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    ABSTRACT: Therapy resistance and tumour relapse after drug therapy are commonly explained by Darwinian selection of pre-existing drug-resistant, often stem-like cancer cells resulting from random mutations. However, the ubiquitous non-genetic heterogeneity and plasticity of tumour cell phenotype raises the question: are mutations really necessary and sufficient to promote cell phenotype changes during tumour progression? Cancer therapy inevitably spares some cancer cells, even in the absence of resistant mutants. Accumulating observations suggest that the non-killed, residual tumour cells actively acquire a new phenotype simply by exploiting their developmental potential. These surviving cells are stressed by the cytotoxic treatment, and owing to phenotype plasticity, exhibit a variety of responses. Some are pushed into nearby, latent attractor states of the gene regulatory network which resemble evolutionary ancient or early developmental gene expression programs that confer stemness and resilience. By entering such stem-like, stress-response states, the surviving cells strengthen their capacity to cope with future noxious agents. Considering non-genetic cell state dynamics and the relative ease with which surviving but stressed cells can be tipped into latent attractors provides a foundation for exploring new therapeutic approaches that seek not only to kill cancer cells but also to avoid promoting resistance and relapse that are inherently linked to the attempts to kill them.British Journal of Cancer advance online publication 12 May 2015. doi:10.1038/bjc.2015.146
    Full-text · Article · May 2015 · British Journal of Cancer
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    • "In recent years, an increasing body of evidence points to the existence of a cell subpopulation with low differentiation, called cancer stem cells (CSCs) [1]. These cells differ from other populations of the tumor in the presence of stem cell markers [2], and have specific characteristics, such as resistance to traditional chemotherapy and radiotherapy [3], apart from the capacity for self-renewal, being able to initiate the development of a new tumor [4]. "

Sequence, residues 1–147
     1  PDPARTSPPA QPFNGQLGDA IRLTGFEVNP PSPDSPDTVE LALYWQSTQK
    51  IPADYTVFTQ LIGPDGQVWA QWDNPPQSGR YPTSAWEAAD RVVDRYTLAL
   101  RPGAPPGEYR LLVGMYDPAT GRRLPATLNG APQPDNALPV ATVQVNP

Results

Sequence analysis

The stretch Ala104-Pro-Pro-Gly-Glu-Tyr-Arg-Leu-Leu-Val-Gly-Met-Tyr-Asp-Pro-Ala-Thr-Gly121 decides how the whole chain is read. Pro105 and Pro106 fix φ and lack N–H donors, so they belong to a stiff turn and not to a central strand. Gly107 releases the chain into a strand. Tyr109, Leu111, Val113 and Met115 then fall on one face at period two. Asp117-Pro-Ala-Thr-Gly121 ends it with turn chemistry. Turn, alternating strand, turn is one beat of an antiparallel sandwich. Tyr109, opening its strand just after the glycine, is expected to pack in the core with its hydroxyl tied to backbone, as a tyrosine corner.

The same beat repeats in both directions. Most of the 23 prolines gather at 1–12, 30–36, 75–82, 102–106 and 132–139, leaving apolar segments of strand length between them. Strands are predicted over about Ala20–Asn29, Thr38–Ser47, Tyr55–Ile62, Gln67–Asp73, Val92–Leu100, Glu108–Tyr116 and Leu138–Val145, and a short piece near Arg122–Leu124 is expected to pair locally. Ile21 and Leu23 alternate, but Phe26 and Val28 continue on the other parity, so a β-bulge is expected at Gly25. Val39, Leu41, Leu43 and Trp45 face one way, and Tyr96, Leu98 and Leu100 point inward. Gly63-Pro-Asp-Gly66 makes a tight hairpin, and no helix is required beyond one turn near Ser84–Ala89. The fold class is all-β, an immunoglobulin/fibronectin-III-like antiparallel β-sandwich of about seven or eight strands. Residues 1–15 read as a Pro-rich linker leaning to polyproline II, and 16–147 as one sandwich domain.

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    ABSTRACT: Cancer stem cells (CSCs) comprise a tumor subpopulation responsible for tumor maintenance, resistance to chemotherapy, recurrence and metastasis. The identification of this cell group is very important, but there is still no consensus on its characterization. Several CSC markers have been described, like CD133, CD24, CD44 and ALDH1, but more research to identify new markers to facilitate the identification of CSC in a heterogeneous tumoral mass is required. Thus, this article describes the CD26 expression as a CSC marker and the role that it plays in different types of cancer. CD26 expression correlates with some characteristics of CSCs, like the formation of spheres in vitro, formation of new tumors, and resistance to chemotherapy. CD26 is therefore suggested as an auxiliary marker for CSC in different types of cancer, and as a potential therapeutic target. Copyright © 2015 Elsevier Masson SAS. All rights reserved.
    Full-text · Article · Mar 2015 · Biomedecine [?] Pharmacotherapy